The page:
If you’ve recently passed your driving test, you will no doubt be familiar with the guidance in the Highway Code that you should give your car a visual inspection each and every time you drive. However, it’s likely that many of us may have forgotten this advice, especially when ‘life gets in the way’ and you’re frequently jumping in and out of the car. Checking the tyres is one step that can take less than a minute, and only requires you to walk around your car once. When you do find time to check them, here are a few things to look out for:
- Deflated or bulging tyres – Make sure there aren’t any bulges that suggest one or more tyres are partially deflated, and there are no obvious tears or signs of damage on the sidewalls.Have the tyres changed shape or do they look flat – do any of them look to be sagging under the weight of the car?
- Wear to the sidewall – In extreme cases in which a tyre has been under-inflated for some time, you may also notice some wear to the sidewall. This is where the maker’s name and tyre numbering are printed and will have become worn away where it has come into contact with the road.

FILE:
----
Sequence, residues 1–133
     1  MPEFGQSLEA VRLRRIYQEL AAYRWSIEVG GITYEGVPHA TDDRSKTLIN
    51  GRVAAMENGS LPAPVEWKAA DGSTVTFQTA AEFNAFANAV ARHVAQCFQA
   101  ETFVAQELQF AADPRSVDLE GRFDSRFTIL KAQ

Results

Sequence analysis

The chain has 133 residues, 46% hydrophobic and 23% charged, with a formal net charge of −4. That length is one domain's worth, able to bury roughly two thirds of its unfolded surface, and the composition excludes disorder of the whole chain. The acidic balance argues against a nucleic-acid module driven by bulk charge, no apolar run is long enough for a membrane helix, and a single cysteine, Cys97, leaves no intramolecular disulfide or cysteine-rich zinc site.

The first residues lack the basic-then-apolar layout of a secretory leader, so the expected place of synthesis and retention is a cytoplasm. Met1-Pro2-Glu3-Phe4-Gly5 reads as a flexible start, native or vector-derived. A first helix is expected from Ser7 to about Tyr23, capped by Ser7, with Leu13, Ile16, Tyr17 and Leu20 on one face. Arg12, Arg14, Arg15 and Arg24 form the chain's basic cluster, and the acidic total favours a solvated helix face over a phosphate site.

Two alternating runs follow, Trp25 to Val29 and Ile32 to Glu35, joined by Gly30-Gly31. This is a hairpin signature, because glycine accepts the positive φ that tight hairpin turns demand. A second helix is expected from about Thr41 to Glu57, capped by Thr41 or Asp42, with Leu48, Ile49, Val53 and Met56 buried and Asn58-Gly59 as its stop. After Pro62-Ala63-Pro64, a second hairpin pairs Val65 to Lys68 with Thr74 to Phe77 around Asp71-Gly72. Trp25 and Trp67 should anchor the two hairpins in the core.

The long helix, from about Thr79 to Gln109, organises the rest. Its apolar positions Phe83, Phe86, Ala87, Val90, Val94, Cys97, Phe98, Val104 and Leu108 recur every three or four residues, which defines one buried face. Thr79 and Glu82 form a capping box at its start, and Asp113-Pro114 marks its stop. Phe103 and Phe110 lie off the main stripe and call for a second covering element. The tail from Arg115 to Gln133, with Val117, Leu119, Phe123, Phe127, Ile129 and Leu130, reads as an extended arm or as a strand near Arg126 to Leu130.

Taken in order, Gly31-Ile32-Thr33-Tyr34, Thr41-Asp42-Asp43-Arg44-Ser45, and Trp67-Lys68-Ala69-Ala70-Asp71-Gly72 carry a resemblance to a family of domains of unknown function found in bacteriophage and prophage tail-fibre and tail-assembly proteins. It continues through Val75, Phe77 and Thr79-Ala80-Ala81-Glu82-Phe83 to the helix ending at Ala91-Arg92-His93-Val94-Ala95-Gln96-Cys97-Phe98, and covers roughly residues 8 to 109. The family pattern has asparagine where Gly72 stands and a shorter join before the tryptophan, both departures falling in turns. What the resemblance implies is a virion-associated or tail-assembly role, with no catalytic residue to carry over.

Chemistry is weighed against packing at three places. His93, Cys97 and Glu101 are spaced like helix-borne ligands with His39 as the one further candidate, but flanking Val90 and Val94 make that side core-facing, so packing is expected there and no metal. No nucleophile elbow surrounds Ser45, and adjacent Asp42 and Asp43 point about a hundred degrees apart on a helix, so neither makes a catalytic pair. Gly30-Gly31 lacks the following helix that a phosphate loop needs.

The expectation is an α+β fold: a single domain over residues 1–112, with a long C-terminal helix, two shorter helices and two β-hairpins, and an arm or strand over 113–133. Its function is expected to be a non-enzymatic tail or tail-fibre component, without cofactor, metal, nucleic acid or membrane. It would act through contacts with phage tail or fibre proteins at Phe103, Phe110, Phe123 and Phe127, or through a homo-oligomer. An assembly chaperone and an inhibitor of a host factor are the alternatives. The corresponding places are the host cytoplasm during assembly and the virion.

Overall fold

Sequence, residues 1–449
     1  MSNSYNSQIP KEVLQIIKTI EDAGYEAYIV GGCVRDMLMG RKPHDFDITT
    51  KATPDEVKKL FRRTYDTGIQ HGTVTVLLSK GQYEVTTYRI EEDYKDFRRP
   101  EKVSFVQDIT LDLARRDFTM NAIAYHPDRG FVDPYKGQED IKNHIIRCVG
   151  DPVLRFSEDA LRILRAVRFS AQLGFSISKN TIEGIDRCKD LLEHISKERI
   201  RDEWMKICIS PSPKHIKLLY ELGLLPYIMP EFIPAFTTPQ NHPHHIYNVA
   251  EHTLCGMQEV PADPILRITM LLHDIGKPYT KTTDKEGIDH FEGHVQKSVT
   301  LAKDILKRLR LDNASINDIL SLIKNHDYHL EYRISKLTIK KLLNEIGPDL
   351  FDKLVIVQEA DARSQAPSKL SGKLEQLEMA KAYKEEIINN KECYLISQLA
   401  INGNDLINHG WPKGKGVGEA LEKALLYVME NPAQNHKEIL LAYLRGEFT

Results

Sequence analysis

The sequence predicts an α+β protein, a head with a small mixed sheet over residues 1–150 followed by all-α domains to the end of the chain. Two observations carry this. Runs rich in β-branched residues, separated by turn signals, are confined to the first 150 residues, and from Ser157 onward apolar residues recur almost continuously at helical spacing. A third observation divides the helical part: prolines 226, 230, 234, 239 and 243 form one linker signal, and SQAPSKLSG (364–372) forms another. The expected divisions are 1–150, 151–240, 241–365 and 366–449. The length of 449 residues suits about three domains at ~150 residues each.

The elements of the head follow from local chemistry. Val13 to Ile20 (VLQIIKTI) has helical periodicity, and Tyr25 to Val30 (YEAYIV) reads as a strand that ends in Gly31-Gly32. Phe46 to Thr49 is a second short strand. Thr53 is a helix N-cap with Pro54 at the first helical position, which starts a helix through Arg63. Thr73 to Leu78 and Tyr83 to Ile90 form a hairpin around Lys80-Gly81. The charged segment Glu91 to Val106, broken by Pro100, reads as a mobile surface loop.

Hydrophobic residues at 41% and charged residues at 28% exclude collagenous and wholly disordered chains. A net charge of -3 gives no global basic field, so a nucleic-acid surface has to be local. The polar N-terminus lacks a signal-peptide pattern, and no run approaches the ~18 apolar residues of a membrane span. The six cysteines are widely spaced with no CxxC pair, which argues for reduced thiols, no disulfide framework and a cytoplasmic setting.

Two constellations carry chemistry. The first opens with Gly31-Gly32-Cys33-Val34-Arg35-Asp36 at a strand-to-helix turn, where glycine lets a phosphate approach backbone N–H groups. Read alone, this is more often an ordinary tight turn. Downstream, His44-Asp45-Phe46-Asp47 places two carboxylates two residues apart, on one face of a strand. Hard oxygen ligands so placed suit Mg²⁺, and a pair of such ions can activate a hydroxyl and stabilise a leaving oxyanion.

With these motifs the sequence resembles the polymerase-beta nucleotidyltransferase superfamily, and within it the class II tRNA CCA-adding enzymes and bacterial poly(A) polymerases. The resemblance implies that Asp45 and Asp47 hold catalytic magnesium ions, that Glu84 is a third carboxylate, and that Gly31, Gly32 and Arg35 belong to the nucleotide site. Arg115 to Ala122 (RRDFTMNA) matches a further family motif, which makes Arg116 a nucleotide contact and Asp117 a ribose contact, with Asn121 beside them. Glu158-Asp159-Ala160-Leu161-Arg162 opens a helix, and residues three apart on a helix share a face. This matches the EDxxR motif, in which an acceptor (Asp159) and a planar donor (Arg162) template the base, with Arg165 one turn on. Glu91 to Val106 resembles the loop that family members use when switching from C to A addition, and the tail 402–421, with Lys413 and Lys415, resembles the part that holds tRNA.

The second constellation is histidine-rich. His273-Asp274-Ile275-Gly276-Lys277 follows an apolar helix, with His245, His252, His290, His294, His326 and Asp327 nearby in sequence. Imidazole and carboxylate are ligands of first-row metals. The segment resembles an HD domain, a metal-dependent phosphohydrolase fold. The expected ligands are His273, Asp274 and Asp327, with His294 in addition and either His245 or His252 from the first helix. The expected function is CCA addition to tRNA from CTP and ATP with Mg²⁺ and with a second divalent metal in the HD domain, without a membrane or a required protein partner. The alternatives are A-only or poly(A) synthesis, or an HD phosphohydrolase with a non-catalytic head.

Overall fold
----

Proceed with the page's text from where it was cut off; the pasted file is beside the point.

- Objects stuck in the treads – Even if the tyre doesn’t look flat, an object stuck in the tread could create a slow puncture that gets worse with time. You can examine the tyre tread for anything that shouldn’t be there; screws, nails or other debris that’s become lodged in the tyre tread. If you do spot something like this, it’s best to get the advice of a professional tyre fitter to check if it can be repaired or needs to be replaced.
- Damaged or faulty tyre valve – This is unusual but could still occur nonetheless. If the tyre valve stem is visibly damaged, or broken off entirely, it will impact the tyre’s ability to hold air and it should be replaced as soon as possible. Even if the valve dust cap has gone missing, dust and grit can get into the valve causing it to lose air